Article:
Buying a Tesla sports car or a Model S sedan is truly a privilege. The cost of the nearly zero-emission electric vehicle is not ridiculous on the surface but is certainly not affordable for much of the public. Tesla Motors Inc. (NASDAQ: TSLA) is trying to change that with new financing options.
Tesla’s announcement on Tuesday follows a tease from Elon Musk today that had investors and consumers wondering what was coming from Tesla. Via a partnership with Wells Fargo & Co. (NYSE: WFC) and U.S. Bancorp (NYSE: USB), Tesla is creating a new financing product that will blend elements of ownership and leasing to Model S customers.
One thing that customers do not really have to worry about too much is the financial creditworthiness of Wells Fargo and/or U.S. Bank. These were both on our list of the Safest Banks in America for 2013.
This new lease product from Tesla comes with a lower initial payment, tax deductions, lower risk on resale value. Perhaps the most important aspect of all, this will eliminate the risks and efforts for a buyer personally. After 36 months, the new buyers have the right to sell the Model S back to Tesla for the same residual value percentage as the Mercedes S Class. This is a lease to own model, but the buyers are of course not obligated to sell their cars back to Tesla.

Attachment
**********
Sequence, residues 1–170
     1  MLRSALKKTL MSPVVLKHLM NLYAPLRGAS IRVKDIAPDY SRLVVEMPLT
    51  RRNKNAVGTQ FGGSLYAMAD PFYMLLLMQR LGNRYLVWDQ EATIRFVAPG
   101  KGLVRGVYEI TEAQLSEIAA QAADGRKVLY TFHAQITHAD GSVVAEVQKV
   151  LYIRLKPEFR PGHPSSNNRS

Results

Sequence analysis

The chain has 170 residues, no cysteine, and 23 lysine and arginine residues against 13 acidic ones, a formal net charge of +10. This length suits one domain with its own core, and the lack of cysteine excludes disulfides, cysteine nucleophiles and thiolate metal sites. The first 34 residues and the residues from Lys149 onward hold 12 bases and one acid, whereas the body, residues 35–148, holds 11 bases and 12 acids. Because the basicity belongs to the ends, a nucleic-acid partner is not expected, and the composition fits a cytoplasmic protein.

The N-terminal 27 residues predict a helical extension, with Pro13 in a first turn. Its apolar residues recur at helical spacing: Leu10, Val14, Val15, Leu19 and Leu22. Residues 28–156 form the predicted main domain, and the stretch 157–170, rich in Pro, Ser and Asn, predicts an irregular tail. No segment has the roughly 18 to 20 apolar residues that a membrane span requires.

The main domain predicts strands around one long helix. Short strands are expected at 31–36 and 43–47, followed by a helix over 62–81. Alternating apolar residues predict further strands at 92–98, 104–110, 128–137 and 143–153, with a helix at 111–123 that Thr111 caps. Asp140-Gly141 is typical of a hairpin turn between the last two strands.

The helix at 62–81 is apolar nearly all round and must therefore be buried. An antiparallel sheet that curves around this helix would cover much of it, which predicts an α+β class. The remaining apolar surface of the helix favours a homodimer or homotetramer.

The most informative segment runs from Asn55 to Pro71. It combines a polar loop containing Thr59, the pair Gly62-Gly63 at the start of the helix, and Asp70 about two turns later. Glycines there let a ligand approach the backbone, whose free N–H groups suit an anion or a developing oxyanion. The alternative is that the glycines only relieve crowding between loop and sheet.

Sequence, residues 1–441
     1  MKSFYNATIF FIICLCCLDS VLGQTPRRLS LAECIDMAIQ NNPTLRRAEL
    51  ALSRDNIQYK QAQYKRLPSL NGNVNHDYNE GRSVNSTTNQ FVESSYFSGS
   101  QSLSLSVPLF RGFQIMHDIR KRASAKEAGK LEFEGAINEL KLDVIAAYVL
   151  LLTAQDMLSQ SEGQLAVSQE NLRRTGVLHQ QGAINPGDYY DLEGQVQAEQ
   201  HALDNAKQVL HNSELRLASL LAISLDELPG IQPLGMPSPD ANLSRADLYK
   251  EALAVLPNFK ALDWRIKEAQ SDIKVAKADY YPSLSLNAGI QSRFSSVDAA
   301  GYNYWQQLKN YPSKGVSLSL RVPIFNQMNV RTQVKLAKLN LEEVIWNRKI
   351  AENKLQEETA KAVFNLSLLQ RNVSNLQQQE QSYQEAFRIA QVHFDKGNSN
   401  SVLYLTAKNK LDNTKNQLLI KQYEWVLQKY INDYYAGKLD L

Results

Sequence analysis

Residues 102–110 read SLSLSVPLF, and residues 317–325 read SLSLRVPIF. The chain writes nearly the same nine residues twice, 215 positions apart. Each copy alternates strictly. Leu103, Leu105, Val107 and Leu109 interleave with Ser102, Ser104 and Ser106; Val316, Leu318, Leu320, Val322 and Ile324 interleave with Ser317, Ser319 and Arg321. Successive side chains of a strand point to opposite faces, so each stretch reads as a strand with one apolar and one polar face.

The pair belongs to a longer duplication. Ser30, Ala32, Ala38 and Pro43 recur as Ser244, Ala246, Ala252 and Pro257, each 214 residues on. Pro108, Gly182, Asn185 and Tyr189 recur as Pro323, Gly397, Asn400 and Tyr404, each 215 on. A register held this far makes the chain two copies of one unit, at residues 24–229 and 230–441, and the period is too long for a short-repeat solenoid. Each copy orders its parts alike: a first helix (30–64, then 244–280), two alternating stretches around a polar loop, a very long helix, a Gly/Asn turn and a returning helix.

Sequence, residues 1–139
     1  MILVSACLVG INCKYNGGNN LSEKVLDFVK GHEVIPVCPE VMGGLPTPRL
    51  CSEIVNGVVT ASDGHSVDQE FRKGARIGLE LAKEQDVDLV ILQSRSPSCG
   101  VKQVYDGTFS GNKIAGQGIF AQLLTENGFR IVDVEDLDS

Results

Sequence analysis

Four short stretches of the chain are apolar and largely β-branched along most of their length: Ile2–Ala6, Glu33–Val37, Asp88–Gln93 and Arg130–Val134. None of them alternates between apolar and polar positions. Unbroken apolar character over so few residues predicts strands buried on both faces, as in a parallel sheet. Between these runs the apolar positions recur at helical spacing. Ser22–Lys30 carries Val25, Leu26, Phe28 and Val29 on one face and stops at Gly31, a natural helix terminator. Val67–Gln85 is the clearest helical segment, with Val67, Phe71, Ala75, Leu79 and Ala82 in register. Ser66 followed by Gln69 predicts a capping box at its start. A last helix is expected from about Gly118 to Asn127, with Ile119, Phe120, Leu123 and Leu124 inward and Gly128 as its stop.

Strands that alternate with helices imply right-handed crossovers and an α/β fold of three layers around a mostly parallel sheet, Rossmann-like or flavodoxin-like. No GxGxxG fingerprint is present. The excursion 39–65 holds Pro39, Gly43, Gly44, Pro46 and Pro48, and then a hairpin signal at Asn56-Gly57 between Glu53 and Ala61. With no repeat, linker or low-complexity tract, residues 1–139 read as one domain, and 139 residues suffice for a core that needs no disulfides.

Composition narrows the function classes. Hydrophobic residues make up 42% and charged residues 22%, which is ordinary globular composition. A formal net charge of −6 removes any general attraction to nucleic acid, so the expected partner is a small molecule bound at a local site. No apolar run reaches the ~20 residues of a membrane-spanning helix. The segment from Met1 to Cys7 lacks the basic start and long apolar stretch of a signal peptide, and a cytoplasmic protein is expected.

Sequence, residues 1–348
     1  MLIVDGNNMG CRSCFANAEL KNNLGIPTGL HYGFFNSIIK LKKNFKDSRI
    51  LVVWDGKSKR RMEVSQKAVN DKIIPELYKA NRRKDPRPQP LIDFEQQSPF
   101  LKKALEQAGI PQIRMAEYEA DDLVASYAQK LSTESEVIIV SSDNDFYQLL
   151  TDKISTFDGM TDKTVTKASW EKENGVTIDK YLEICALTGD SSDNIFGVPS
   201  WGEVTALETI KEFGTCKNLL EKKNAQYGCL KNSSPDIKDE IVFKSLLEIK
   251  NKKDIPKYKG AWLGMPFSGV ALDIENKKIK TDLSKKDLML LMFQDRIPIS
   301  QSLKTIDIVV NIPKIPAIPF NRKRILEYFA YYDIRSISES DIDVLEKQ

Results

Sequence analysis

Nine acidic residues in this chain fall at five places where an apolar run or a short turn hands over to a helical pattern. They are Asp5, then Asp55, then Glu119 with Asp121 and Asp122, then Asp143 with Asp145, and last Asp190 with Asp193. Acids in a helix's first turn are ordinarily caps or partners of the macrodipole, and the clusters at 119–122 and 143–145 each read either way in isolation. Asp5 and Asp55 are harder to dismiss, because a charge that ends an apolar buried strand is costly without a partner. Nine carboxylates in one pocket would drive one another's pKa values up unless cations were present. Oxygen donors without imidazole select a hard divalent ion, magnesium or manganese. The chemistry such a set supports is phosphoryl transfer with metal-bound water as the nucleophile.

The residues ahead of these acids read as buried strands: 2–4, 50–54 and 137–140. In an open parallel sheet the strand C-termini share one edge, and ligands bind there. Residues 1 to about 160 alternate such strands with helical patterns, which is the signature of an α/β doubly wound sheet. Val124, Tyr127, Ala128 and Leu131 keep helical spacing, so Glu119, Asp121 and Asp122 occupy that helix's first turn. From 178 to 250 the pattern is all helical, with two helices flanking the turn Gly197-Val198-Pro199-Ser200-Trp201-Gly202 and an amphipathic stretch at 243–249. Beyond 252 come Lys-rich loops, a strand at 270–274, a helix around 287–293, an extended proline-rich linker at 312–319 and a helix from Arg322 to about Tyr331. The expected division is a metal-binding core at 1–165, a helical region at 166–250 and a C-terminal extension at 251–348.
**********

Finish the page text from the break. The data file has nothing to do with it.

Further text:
U.S. Bank and Wells Fargo have agreed to provide 10% down financing for the purchase of a Model S for those with approved credit. The 10% down payment is said to be covered or more than covered by U.S. Federal and state tax credits ranging from $7,500 to $15,000.
New Jersey, Washington and D.C. also have no sales tax for electric vehicles. These advantages are not available when leasing.
Tesla says that when you tally up the true cost savings here the entire true net out-of-pocket cost to own a mid-range Model S is said to be dropping down to under $500 per month.
With Tesla effectively guaranteeing the resale value this may take out at least one of the “what if” questions from the public. 24/7 Wall St. cannot help but wonder what exactly Tesla will do with all the three-year and older cars once they start receiving these cars back. Will they be resold? What if the replacement costs in the future for batteries and technology actually go up rather than down?
Tesla’s move is one which could go either way, and it may depend upon issues that the markets do not really have answers for today. This will certainly drive up sales but it leaves an unknown about the future. Tesla will not just be selling new electric cars in the future. It will also have to figure out what to do with the models returned.
Wall St. investors and traders are having a hard time digesting the news and the implications of how this will impact Tesla’s finances in the future. The stock closed up almost 1% at $44.34 today but the shares have been down 1% to 2% in the after-hours trading session. Tesla shares have traded in a 52-week range of $25.52 to $46.68 and the consensus price target from Thomson Reuters was $41.45 before the effects of this news.
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